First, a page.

Wal-Mart didn’t get into selling groceries in a big way until 1988, when they started swallowing up market share with their supercenters. Today, according to Supermarket News and the U.S. Commerce Department, Wal-Mart (and its warehouse division, Sam’s Club), now controls $96.2 billion out of a $682.3 billion grocery store market in the United States, or 14% of all grocery store sales. The top ten companies control half (50.4%) of all grocery sales. In second place was Kroger ($50 billion), third, Albertson’s ($38.3 billion), fourth, Safeway ($34.4 billion), fifth, Costco ($34.1 billion), sixth, Royal Ahold ($23.2 billion) seventh, Supervalu, $21.3 billion), eighth, Fleming ($15.8 billion), ninth, Delhaize America ($15.2 billion) and tenth, Publix ($15.1 billion).These figures mean that over the past year, Wal-Mart (including Sam’s) sold $183,029 worth of groceries every minute of every day, or $263.56 million in food everyday. Groceries make up about 30% of the sales at a supercenter, and supercenters are about 30% of total sales at Wal-Mart. All together, Wal-Mart sales came to $221 billion last year, or $605.48 million in overall sales per day, or $420,471 in sales per minute.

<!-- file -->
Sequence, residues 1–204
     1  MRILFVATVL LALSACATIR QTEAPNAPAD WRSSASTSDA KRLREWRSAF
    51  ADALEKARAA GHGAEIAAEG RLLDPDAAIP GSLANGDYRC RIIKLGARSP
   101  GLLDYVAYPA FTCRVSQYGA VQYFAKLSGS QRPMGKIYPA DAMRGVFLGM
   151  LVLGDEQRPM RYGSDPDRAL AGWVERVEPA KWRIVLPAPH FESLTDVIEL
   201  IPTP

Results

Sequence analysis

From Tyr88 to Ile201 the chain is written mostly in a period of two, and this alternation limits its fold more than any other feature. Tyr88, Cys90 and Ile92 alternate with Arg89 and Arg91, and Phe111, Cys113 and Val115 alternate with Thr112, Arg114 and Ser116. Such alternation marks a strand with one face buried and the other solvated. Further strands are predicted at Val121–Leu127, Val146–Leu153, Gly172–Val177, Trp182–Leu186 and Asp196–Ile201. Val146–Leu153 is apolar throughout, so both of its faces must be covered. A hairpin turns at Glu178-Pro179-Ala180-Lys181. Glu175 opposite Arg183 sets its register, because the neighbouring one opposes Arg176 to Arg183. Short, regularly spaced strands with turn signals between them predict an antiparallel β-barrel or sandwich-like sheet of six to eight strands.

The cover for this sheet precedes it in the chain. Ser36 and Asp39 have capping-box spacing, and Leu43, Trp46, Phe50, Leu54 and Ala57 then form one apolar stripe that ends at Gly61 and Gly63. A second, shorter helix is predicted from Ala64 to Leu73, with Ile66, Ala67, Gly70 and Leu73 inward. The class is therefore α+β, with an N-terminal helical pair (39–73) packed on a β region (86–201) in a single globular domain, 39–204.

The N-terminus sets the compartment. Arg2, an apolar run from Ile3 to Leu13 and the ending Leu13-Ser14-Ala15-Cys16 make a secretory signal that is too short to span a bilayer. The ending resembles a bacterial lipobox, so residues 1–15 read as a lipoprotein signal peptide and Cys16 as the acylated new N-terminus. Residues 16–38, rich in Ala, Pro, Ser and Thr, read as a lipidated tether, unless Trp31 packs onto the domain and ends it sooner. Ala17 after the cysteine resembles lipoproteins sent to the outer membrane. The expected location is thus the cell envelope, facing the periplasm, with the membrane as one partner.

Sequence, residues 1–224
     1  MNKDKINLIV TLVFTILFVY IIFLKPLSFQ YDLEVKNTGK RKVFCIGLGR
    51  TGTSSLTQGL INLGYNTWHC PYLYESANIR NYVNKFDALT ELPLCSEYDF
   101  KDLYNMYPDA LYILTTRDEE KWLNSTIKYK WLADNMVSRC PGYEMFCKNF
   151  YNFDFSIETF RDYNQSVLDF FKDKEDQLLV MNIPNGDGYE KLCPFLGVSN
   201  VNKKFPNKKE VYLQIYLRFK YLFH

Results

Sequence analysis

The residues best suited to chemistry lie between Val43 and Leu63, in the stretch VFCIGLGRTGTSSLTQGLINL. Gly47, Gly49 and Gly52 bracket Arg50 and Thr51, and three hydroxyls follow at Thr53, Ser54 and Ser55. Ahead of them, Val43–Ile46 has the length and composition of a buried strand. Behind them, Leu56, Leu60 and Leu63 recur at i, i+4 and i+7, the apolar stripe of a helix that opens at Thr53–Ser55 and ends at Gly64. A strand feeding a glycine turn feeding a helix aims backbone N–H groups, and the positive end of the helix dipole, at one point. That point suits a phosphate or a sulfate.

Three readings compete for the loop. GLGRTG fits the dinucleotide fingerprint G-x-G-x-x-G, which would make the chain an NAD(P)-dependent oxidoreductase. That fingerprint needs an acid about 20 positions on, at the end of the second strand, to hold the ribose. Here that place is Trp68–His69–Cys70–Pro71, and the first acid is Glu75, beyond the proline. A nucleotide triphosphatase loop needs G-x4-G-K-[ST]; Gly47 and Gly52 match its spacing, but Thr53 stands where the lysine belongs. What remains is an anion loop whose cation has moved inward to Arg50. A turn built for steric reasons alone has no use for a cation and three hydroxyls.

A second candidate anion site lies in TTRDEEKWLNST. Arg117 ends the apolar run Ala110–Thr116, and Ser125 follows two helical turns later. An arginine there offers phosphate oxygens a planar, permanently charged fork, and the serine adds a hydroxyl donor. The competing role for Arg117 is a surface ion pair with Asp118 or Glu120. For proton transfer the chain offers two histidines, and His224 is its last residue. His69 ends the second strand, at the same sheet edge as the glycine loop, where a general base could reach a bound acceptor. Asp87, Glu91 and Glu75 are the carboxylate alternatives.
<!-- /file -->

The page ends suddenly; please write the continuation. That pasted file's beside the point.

The top ten grocers control half of the food market in the country, and Wal-Mart has become the top grocer in just 14 years. Where is the FTC when you need them? Looking for marshmellows? They’re right over in the monopoly section.